Though both teams have made substantive changes, Mullin is more impressed with what the Warriors have done, including the addition of four-time scoring champion Kevin Durant to a nucleus that included All-Stars Stephen Curry, Draymond Green and Klay Thompson.

Mullin pointed out that the losses of Andrew Bogut, along with subtractions to their fabled depth and chemistry, led some to wonder if the Warriors might lose the magic of the previous two seasons. He also understands that point of view.

“But as I see it now,” he said, “I think they’re deeper and have better chemistry than they did last year when they won 73 games.”

It’s not that Mullin gives the Cavaliers, who have won 11 of 12 games in these playoffs, zero chance to win the series. It is just, in his view, very slim. “Cleveland, they’ve got really good people,” he said. “Their talent, I’m not discounting at all. LeBron and Kyrie and Kevin Love, these guys are great, great players.

“I feel like the Warriors are just a notch above everybody. I really believe that.”

 

After postponement due to HB2 law, Charlotte to host 2019 All-Star Game

After postponement due to HB2 law, Charlotte to host 2019 All-Star Game

CHARLOTTE, N.C. -- The NBA All-Star game is headed back to Charlotte in 2019, a couple of years later than anticipated.

The NBA announced that the All-Star weekend will be held Feb. 15-17 in Charlotte and the game will be played at the Spectrum Center, home of the Charlotte Hornets.

The league had selected Charlotte to host the 2017 All-Star game, but later moved the game to New Orleans because of the state law restricting the rights of LGBT people. However, a compromise was struck in March to partially erase the impact of the House Bill 2 law limiting anti-discrimination protections for lesbians, gays, bisexual and transgender people.

"While we understand the concerns of those who say the repeal of HB2 did not go far enough, we believe the recent legislation eliminates the most egregious aspects of the prior law," NBA Commissioner Adam Silver said in a release. "Additionally, it allows us to work with the leadership of the Hornets organization to apply a set of equality principles to ensure that every All-Star event will proceed with open access and anti-discrimination policies.

"All venues, hotels and businesses we work with during All-Star will adhere to these policies as well."

Despite Silver's intentions, the Equality NC and the Human Rights Campaign has concerns that no protections for non-discrimination policies for the LGBTQ community have been put in place by the Charlotte or the state.

"North Carolina's discriminatory law prohibits the city of Charlotte from implementing non-discrimination protections for LGBTQ residents and visitors attending the All-Star Game. Nothing has changed that fact," said HRC senior vice president for policy and political affairs JoDee Winterhof.

The NBA is the latest sports entity to return events to North Carolina; the NCAA and the Atlantic Coast Conference also are bringing events back to the state after changes were made to the law.

The now-repealed House Bill 2 required transgender people to use restrooms corresponding to the sex on their birth certificates in many public buildings. That's been dropped, but LGBT advocates have denounced the replacement law because state officials took no action barring sexual identity and gender discrimination in workplaces, restaurants and hotels and instead prohibited local governments from acting on their own.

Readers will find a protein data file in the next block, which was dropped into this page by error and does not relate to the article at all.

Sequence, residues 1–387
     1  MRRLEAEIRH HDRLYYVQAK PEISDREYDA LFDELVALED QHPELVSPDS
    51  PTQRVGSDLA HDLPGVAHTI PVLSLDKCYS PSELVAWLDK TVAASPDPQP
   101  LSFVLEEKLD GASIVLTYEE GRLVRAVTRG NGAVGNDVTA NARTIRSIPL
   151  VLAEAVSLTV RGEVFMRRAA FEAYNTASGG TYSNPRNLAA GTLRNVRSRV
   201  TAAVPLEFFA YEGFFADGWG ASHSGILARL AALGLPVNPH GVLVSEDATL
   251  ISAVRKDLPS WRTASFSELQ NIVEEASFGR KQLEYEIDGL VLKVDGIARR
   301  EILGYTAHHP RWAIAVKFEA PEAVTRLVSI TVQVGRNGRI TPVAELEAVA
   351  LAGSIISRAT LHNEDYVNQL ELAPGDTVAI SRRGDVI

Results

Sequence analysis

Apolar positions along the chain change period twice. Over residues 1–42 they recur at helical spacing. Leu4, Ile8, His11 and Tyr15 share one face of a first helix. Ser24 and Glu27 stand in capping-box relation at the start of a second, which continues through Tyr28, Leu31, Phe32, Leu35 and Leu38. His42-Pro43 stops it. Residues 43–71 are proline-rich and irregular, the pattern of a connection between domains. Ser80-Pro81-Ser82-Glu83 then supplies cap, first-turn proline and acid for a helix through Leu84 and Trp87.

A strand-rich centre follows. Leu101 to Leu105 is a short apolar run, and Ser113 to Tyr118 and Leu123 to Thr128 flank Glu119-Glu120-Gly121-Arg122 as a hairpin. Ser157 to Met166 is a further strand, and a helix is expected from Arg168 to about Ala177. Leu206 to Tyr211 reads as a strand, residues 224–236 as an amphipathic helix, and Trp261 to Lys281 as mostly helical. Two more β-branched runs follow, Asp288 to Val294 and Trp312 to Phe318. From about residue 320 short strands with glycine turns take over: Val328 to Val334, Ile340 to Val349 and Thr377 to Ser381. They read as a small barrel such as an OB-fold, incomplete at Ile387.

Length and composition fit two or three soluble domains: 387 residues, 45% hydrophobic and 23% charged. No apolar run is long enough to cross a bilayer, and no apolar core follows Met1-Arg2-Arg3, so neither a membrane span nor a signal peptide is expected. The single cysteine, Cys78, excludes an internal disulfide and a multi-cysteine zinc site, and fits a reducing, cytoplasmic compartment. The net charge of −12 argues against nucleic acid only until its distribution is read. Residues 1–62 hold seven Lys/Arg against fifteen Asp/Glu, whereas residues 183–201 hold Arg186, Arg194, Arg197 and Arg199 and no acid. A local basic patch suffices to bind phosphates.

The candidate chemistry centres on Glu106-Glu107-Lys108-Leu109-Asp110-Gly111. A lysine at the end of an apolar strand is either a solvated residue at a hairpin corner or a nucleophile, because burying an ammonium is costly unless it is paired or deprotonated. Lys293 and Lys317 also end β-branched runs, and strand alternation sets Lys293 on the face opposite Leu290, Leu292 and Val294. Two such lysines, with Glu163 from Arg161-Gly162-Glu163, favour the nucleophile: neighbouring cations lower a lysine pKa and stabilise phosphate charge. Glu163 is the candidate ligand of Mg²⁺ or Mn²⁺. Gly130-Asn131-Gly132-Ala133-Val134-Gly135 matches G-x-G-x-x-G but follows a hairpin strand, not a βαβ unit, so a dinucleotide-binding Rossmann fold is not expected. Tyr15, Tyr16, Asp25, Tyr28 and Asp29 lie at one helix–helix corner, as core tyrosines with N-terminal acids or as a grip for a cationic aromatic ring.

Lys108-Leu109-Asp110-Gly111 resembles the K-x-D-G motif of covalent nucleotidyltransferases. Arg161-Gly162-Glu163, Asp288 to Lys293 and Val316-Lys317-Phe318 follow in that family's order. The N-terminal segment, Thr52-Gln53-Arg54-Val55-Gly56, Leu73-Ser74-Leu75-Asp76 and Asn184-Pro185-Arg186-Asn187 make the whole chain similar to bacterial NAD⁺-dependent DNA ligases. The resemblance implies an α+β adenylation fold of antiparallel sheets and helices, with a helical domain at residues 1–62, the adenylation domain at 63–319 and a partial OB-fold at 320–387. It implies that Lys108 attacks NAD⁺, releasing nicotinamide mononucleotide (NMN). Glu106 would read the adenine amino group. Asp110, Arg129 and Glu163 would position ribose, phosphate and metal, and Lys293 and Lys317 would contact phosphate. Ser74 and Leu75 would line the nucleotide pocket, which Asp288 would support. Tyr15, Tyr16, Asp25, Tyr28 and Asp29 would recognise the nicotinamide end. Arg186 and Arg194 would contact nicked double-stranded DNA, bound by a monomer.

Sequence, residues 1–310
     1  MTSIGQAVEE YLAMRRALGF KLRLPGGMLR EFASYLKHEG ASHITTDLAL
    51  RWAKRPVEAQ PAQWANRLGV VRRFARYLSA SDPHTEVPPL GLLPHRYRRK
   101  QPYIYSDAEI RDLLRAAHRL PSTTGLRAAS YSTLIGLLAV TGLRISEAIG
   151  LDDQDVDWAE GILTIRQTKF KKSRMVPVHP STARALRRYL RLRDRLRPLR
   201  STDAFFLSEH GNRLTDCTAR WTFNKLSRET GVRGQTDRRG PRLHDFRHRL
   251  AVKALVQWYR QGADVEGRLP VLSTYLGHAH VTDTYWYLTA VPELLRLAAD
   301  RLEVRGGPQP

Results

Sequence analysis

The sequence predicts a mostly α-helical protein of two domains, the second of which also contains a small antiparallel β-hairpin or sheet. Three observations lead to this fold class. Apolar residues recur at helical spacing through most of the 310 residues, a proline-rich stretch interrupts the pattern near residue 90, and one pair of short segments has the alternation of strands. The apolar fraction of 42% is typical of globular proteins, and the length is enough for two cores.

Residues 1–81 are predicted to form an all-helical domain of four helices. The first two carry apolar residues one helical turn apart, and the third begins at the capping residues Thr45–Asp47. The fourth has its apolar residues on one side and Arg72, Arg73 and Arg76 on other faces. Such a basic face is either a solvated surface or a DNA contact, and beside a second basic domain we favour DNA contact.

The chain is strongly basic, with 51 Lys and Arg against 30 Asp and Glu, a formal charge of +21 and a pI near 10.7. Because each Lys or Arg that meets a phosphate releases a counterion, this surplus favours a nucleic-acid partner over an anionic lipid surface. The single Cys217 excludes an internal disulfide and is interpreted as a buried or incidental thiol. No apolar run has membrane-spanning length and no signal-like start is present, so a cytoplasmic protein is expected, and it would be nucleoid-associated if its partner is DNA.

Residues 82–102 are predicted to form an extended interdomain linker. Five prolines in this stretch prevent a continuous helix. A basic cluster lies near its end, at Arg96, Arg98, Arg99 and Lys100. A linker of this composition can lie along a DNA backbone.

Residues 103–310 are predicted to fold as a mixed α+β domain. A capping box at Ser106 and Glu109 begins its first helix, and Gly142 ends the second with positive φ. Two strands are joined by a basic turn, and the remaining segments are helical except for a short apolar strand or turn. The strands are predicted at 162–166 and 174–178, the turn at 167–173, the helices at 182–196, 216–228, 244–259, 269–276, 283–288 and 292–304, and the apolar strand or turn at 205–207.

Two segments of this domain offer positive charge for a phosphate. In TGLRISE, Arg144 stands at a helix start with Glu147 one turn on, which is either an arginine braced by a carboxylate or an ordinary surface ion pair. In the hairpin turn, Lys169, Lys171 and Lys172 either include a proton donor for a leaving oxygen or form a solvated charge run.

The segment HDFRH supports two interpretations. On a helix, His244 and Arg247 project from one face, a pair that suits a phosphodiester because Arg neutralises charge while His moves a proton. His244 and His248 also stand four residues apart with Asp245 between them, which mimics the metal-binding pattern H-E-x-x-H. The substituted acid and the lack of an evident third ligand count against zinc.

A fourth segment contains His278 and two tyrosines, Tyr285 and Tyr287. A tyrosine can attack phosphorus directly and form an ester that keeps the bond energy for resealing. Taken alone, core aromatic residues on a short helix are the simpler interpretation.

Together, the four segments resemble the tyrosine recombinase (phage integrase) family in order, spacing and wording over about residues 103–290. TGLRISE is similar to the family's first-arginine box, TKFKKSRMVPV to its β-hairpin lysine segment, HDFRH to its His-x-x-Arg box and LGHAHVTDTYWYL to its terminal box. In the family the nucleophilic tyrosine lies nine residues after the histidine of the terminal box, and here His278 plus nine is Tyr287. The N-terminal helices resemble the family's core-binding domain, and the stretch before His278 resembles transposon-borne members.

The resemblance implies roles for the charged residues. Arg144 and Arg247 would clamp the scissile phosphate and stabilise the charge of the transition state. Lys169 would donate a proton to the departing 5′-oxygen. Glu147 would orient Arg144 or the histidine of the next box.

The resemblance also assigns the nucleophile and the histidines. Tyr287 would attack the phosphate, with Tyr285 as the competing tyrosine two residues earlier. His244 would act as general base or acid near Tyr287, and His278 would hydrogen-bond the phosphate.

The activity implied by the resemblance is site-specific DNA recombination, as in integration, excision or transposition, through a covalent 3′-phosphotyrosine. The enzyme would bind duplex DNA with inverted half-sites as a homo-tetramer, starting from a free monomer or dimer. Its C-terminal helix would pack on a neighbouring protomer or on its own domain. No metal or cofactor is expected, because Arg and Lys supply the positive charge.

Hornets owner and longtime NBA great Michael Jordan said in a release he is "thrilled" the game is coming back to Charlotte.

"We want to thank Commissioner Silver for his leadership throughout this process and for the decision to bring NBA All-Star back to Buzz City," Jordan said in the release. "All-Star Weekend is an international event that will provide a tremendous economic impact to our community while showcasing our city, our franchise and our passionate Hornets fan base to people around the world."

Jordan asked Silver to keep the city in mind for 2019 after the league moved the 2017 game - hopeful the HB2 law would eventually be repealed.

Silver honored that request.

Hornets COO and president Fred Whitfield represented the Hornets and Spectrum Center in doing whatever he could to help facilitate a resolution, spending time meeting with legislatures and other business leaders in North Carolina.

"From the very beginning I was in engaged to see if we could not only save the 2019 All-Star game, but the NCAA (basketball) regionals and the ACC Tournament, as well as concerts and events in the building," Whitfield said. "We are operators of the building and we felt like we had to get engaged to assist to get some resolution."

Even as talks to repeal HB2 stalled at times, the Hornets continued to move forward with the league's request to upgrade the arena.

The $41 million renovation - $33.5 million of which came from the City of Charlotte - is almost complete, and has included a new scoreboard, new floor and renovations to suites and hospitality areas, among other upgrades.

Charlotte previously hosted the All-Star game in 1991 at the Charlotte Coliseum, which has since been demolished.

Pete Guelli, the Hornets executive vice president and chief sales and marketing officer, estimates a $100 economic impact for the city, but said the reputational effect will be even bigger.

"This city has changed significantly since the last time it hosted a game 28 years ago," Guelli said, "and the opportunity to showcase that on an international stage is incalculable."